Beauty tycoon

Born: March 31, 1926;

Died: September 25, 2015

COUNT Hubert d'Ornano, who has died at the age of 89, was the man behind the luxury French botanical beauty company Sisley. During his 40 years at its helm, the company grew from being a small, family-run concern into a multinational – yet still family-run – brand which is now available in 90 countries and is worth £470 million. It is also a particular favourite of Scottish women, despite its products' hefty price tags.

Sisley was still something of a cult brand in the mid-1990s when the d'Ornanos chose Glasgow's Frasers as the site of its first Scottish outpost. But it quickly established itself in the beauty hall and built a devoted following first in Glasgow, then in Jenners in Edinburgh and other Scottish stores over the next decade.

From the outset, Sisley was a beauty company which danced to its own beat. In a 2006 interview at his home on the Quai d'Orsay with The Herald, the count said: "We launch when we have something special to launch. We don't launch for the sake of launching."

He spoke proudly about how his wife, Isabelle, would diligently and enthusiastically read all the customer feedback she received each week, and how it was requests for new products that would invariably lead to their creation and launch – rather than the company creating new products and then trying to foist them on to customers, which is usually the case in the beauty business.

D'Ornano took over the infant Sisley brand in 1976 and developed it according to his vision of relying on technological advancements to use the best aspects of plants and essential oils in beauty products. Now regarded as a pioneer in phyto-cosmetology, he once said: "I love the countryside. I am aware that, thanks to modern technology, it is in plants that one can make the biggest discoveries, not only for medicine but also for cosmetics."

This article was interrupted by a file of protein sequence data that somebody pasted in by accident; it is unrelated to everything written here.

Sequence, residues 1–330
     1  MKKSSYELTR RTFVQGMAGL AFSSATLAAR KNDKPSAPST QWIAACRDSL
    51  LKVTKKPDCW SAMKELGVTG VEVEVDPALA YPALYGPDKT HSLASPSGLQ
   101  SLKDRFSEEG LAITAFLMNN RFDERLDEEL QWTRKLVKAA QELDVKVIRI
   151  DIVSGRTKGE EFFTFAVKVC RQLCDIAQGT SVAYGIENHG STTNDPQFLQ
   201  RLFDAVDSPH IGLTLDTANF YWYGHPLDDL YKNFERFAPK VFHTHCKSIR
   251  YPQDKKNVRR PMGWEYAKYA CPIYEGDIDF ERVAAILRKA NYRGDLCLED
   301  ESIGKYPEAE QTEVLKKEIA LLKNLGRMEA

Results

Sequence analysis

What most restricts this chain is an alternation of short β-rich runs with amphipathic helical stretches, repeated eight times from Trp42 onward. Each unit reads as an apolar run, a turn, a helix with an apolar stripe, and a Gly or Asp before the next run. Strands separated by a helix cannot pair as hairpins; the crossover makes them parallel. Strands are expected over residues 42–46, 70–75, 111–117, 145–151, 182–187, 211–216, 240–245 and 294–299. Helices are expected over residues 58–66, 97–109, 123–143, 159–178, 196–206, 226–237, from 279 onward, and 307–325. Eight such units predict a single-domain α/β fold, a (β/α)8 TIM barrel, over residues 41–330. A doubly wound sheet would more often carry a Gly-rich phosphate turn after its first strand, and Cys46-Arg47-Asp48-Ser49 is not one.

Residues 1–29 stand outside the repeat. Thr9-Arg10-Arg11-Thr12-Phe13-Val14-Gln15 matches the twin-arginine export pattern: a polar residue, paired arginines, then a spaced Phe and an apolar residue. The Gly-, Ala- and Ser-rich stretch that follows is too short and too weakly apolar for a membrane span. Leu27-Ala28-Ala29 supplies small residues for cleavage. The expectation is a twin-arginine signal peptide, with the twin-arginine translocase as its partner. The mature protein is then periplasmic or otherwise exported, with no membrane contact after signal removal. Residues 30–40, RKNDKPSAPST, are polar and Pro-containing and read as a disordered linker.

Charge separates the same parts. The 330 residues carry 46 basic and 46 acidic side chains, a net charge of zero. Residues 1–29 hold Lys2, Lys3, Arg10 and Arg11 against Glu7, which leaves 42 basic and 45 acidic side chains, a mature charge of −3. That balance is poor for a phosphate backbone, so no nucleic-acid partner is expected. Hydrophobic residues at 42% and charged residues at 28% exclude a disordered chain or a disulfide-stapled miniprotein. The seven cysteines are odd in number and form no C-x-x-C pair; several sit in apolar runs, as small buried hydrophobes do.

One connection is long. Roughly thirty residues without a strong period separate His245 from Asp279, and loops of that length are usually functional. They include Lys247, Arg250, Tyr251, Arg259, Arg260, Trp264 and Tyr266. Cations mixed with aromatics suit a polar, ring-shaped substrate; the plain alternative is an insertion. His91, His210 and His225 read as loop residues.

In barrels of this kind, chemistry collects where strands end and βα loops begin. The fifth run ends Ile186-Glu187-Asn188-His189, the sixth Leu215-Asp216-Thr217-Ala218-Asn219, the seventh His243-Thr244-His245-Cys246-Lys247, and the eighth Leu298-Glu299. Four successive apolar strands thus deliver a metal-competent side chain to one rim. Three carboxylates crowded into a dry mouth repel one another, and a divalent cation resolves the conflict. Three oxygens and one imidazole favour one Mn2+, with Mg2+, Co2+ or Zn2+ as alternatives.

Charming but forthright, d'Ornano – the quintessential Parisian gentleman - had firm ideas on the purpose of perfume; how it should be an aphrodisiac, how its "sillage" (trail) should linger after the wearer has walked on by, and how each fragrance created by Sisley should be unique.

The son of Guillaume and Elisabeth d'Ornano, Hubert was born in 1926 in the family castle of Melgiew in Poland. He came from a centuries' old family of Corsican origin, the Ornanos, who, from the 16th to 20th centuries, provided France with several field marshals, generals and officers. His father was a French diplomat who was sent to Poland where he married a Polish girl.

In the 2006 interview, d'Ornano, who was working on his autobiography, at the time, elaborated further: "My grandmother was Maria Walewska, who was Polish, and she was the love of Napoleon. She died, at the age of 32, giving birth to her second child – a d'Ornano – while her first child was Napoleon's son."

It's not just the d'Ornanos who have an impressive pedigree; the company they created has a line that can be traced back through the aristocracy of French beauty houses. The count's father created Lancome in 1935, and, at the age of 20, he founded the perfume company Jean d'Albret with his brother Michel. They went on to establish the beauty brand Orlane, in 1954, and it was during the Orlane period, in 1963, that Hubert married Isabelle and began to work with her.

Michel d'Ornano, who had been elected Mayor of Deauville, decided to dedicate himself to politics and he left the beauty business in 1968. The d'Ornano brothers' company was sold but Hubert d'Ornano continued to direct on behalf of the new shareholders until 1975 when he took over and became president of the fashion house Jean-Louis Scherrer.

In 1976, when Christine, the youngest of Hubert and Isabelle's five children, was three years old, they set up Sisley and moved to the Quai d'Orsay. It became a family affair, with the children working for the business during school holidays. While their mother Isabelle focused on the brand's image and the development of new products, Christine grew up to become the managing director who also runs the London office, her sister Elisabeth became the "face" of Sisley in adverts, and their brother Philippe, who was chairman, took over from his father as president in 2013.

Well into his eighties, Hubert d'Ornano remained very involved in the development of Sisley and always exuded a parental pride in the company. In 2007 he and his wife created the Sisley-d'Ornano Foundation, under the aegis of the Fondation de France, to conduct charity work and philanthropy in very diverse fields both in France and abroad. One such project was the restoration of the fresco of the Church of Our Lady of the Assumption, the seat of the Polish Mission in Paris.

In 2007, d'Ornano published Boundless Beauty, a memoir in which he wished "to tell this personal, family and collective story to safeguard it, to pass it on to my descendants. To share it with those who use and love Sisley and those who have contributed to its development. In telling this story, it is also a means of reflecting our values, ideas, desires, a style, that of Sisley."

He is survived by his wife, Isabelle, and by three of his children.